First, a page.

A Muslim waitress who was told she couldn’t bring halal meat to work and that she should eat non-halal meat instead, including pork, has won a religious discrimination case against her employer.
The young waitress began working in the restaurant in October 2013. A few months into her employment the owners began subjecting her to regular and repeated verbal abuse – the outbursts were apparently sparked by negative media coverage of Muslims.
She was called a “terrorist” and a “member of ISIS/ISIL,” subjected to insulting comments about Allah and the Prophet Muhammad, Muslims were referred to as “bedouins,” and it was claimed that all Muslims were fanatics and forced people to convert to Islam.
The waitress was also told that she couldn’t eat or bring halal meat to the accommodation arranged by the employer, and that she must eat the meat which the employers provided; in particular she was told to eat pork.
To aggravate her grievances the abuse was perpetrated in front of other staff.
The waitress, who along with her employers cannot be named due to a confidentiality clause in the settlement, protested on a number of occasions but was told in no uncertain terms that as the owners and managers of the restaurant they could say and do as they pleased. If she objected, she would be dismissed.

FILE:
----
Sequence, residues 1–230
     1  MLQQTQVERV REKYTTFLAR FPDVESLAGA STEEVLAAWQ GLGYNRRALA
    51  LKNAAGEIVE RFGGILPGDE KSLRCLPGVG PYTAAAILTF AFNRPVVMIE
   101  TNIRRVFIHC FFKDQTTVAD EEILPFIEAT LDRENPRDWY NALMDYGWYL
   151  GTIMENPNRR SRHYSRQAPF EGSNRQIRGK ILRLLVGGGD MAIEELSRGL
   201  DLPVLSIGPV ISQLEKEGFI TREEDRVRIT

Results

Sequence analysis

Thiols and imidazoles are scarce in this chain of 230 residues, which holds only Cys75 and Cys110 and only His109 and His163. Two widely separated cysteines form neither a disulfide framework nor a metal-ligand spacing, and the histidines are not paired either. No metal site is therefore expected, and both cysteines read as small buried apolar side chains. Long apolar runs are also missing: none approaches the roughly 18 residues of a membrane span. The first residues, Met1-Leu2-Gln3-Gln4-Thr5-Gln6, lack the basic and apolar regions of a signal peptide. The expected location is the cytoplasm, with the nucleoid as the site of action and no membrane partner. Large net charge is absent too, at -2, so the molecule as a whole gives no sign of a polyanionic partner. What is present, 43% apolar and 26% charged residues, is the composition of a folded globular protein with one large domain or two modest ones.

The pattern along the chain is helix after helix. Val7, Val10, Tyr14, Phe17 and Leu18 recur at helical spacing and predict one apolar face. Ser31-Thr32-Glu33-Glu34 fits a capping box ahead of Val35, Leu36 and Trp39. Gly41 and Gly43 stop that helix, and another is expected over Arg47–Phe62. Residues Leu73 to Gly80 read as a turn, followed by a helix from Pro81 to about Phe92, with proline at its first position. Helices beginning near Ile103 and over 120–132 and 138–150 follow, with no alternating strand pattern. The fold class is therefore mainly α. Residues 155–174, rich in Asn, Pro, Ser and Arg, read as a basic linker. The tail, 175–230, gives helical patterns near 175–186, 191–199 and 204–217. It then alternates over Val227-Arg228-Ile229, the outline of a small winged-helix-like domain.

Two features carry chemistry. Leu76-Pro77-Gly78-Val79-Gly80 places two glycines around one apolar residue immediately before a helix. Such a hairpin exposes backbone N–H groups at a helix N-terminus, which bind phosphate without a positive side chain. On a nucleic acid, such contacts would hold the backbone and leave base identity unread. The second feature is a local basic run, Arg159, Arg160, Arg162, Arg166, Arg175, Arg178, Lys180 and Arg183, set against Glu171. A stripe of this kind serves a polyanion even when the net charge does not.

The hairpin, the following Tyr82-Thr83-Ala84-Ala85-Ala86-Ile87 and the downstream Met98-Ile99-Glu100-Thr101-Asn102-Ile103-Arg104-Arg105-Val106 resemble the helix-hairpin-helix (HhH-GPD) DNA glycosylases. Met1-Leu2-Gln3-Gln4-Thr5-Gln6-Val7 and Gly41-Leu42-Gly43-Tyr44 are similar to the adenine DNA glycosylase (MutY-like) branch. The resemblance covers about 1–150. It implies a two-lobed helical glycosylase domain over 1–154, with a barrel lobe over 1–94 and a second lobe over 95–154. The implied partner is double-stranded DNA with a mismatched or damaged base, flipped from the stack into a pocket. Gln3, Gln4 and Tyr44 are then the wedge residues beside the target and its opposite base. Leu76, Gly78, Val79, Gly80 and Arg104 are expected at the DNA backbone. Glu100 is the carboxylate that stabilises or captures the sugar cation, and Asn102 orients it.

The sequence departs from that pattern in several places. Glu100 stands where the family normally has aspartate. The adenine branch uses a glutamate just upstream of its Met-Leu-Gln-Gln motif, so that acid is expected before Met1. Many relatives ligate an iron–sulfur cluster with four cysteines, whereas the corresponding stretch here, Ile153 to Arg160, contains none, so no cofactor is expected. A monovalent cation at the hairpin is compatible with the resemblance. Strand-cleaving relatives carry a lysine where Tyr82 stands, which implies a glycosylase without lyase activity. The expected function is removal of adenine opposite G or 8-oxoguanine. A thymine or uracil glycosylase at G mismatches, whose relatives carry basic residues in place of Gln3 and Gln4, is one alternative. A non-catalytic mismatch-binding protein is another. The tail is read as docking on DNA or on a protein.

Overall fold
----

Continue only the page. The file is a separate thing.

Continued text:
As the only Muslim worker, the employee felt unsafe. However, because she lived in accommodation provided by her employers and feared homelessness, she endured the abuse for far longer than she should have.
In October 2014, she contacted IHRC Legal who agreed to take up her case and issued a claim with financial support from the IHRC Legal Fund.
IHRC Legal was able to challenge the unlawful behavior of the employer and secure a substantial five figure settlement for injury to feelings and unlawful deduction of wages.
IHRC has introduced a Legal Defence Fund to support those wishing to pursue their legal rights. The fund is the first of its kind to be set up by a Muslim charity in the UK and will be used to support IHRC Legal clients in paying for some of the costs incurred when pursuing employment and discrimination cases.